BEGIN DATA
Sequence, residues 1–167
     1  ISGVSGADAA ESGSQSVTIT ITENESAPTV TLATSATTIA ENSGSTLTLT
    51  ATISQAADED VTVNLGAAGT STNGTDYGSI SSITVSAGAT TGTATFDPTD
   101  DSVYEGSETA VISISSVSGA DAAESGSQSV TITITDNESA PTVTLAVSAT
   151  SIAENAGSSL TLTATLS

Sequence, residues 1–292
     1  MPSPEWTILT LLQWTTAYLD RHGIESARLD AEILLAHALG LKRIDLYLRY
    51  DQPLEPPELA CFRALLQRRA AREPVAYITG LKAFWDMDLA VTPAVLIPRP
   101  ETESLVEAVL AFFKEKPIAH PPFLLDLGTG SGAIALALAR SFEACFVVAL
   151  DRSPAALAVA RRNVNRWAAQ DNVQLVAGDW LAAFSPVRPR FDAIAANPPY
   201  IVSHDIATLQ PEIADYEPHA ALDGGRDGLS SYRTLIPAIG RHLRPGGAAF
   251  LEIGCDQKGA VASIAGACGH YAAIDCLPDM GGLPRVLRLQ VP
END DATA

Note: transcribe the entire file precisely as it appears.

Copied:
Sequence, residues 1–167
     1  ISGVSGADAA ESGSQSVTIT ITENESAPTV TLATSATTIA ENSGSTLTLT
    51  ATISQAADED VTVNLGAAGT STNGTDYGSI SSITVSAGAT TGTATFDPTD
   101  DSVYEGSETA VISISSVSGA DAAESGSQSV TITITDNESA PTVTLAVSAT
   151  SIAENAGSSL TLTATLS

Sequence, residues 1–292
     1  MPSPEWTILT LLQWTTAYLD RHGIESARLD AEILLAHALG LKRIDLYLRY
    51  DQPLEPPELA CFRALLQRRA AREPVAYITG LKAFWDMDLA VTPAVLIPRP
   101  ETESLVEAVL AFFKEKPIAH PPFLLDLGTG SGAIALALAR SFEACFVVAL
   151  DRSPAALAVA RRNVNRWAAQ DNVQLVAGDW LAAFSPVRPR FDAIAANPPY
   201  IVSHDIATLQ PEIADYEPHA ALDGGRDGLS SYRTLIPAIG RHLRPGGAAF
   251  LEIGCDQKGA VASIAGACGH YAAIDCLPDM GGLPRVLRLQ VP